US GAS: Futures End Higher On Hot Weather, Hurricane Outlook

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NEW YORK (Dow Jones)--Natural-gas futures ended higher Wednesday, driven by hot weather and predictions of an unusually active hurricane season.

Natural gas for July delivery on the New York Mercantile Exchange closed 17.5 cents higher, or 4.12%, at $4.423 a million British thermal units after reaching a high of $4.44/MMBtu earlier in the day.

"Traders are looking at the hurricane season and the expectations of heat, but we still have, overall, very adequate inventory levels," said Kyle Cooper, an analyst with IAF Advisors, a Houston-based energy advisory firm.

Forecasts of warmer-than-normal temperatures in the major gas-consuming regions were buoying gas prices Wednesday. The balmy weather is expected to produce substantial demand for natural gas to generate electricity for cooling.

MDA EarthSat, a Rockville, Md., private weather forecaster, is expecting above-normal temperatures in the Southeast, South Central region and parts of the West from June 7 to June 11. From June 12 to June 16, MDA is predicting warmer-than-normal temperatures across most of the eastern two-thirds of the U.S.

Traders were also eyeing meteorologists' forecasts of an intense hurricane season in the Atlantic Ocean. The 2010 Atlantic hurricane season will be extremely active, featuring five intense hurricanes--twice the 50-year average--forecasters at Colorado State University said Wednesday. Storm disruptions to gas infrastructure in the Gulf of Mexico could cause prices for the fuel to spike higher.

Gas supplies remain ample despite predictions of a relatively modest build in U.S. gas inventories, however. The U.S. Energy Information Administration is expected to report that 93 billion cubic feet of gas were added to storage during the week ended May 28, according to the average prediction of 24 analysts and traders in a Dow Jones Newswires survey.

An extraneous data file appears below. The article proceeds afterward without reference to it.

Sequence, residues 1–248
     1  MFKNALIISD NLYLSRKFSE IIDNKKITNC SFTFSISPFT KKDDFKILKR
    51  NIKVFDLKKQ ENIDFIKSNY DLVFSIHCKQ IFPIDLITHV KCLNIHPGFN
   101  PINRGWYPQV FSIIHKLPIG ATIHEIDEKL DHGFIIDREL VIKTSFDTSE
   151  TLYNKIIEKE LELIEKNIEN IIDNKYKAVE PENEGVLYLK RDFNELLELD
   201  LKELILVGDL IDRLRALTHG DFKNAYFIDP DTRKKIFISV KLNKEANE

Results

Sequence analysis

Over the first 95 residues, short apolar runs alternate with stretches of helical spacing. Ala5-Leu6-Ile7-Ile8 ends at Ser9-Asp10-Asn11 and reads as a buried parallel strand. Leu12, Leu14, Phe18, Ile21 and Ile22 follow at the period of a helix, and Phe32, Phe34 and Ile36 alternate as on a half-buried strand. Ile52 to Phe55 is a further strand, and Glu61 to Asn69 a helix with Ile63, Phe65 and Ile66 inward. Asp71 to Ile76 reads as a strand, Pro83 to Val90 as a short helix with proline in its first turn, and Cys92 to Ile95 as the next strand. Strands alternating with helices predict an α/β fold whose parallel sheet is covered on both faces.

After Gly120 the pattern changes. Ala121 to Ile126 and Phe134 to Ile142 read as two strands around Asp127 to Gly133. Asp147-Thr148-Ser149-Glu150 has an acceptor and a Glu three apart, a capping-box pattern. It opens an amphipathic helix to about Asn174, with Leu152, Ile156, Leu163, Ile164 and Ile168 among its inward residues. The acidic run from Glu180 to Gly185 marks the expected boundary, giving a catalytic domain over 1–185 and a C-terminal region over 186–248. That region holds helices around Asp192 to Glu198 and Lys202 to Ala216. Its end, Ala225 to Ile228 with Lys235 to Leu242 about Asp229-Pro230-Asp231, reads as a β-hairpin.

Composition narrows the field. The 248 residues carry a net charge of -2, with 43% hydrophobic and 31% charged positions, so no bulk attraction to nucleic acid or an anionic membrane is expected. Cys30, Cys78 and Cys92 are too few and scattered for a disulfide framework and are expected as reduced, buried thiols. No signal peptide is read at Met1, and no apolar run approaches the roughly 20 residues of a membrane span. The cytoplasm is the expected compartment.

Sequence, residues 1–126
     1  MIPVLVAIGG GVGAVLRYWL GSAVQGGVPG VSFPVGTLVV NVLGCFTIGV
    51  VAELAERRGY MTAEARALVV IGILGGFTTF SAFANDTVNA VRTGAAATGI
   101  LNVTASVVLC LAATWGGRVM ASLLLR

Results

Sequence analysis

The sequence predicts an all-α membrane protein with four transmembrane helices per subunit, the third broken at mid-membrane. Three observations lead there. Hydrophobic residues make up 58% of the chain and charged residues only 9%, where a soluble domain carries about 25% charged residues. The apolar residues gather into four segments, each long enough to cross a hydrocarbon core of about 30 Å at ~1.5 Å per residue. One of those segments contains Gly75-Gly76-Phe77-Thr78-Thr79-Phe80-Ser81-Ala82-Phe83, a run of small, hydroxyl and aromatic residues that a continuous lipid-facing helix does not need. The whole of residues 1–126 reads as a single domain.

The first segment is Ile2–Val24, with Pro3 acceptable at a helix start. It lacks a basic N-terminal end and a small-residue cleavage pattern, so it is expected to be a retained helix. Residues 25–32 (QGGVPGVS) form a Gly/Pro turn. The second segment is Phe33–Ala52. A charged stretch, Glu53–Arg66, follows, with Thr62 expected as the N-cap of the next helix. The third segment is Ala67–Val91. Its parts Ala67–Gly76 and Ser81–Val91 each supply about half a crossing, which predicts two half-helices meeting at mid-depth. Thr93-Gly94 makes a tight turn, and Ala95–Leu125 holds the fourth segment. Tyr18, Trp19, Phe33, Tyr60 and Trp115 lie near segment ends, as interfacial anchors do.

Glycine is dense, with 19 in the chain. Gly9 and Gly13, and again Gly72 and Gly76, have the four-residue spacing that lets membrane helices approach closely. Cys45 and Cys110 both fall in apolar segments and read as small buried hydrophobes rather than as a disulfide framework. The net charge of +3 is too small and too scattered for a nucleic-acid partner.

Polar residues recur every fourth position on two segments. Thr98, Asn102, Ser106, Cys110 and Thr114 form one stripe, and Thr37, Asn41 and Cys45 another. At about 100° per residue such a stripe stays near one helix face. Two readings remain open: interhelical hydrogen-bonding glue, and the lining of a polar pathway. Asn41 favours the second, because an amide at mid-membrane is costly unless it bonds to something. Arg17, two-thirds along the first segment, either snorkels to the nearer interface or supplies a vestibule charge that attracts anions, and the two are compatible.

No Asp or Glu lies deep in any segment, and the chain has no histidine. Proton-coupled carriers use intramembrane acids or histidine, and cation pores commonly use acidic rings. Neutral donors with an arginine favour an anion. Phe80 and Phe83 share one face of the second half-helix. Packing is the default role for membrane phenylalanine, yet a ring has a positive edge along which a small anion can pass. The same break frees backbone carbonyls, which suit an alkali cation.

The EIA is scheduled to release its storage data Thursday at 10:30 ET.

The storage estimate falls short of last year's 121 bcf build in storage for the same week and the five-year average build for that week, which was 100 bcf. If the estimate is correct, inventories as of May 28 will total 2.362 trillion cubic feet, about 15% above the five-year average and 1.9% above last year's level for the same week.

Unusually warm weather in the central and eastern U.S. last week sparked significant demand for natural gas for cooling, leading to a modest injection into storage, analysts and traders predicted. But gas production levels remain high.

"The bullish bet in natural gas remains a bet on weather...as we continue to see evidence of rising U.S. production on relatively aggressive drilling programs from producers," wrote Tim Evans, an energy analyst with Citi Futures Perspective in New York, in a note to clients.


-By Christine Buurma, Dow Jones Newswires; 212-416-2143; christine.buurma@dowjones.com


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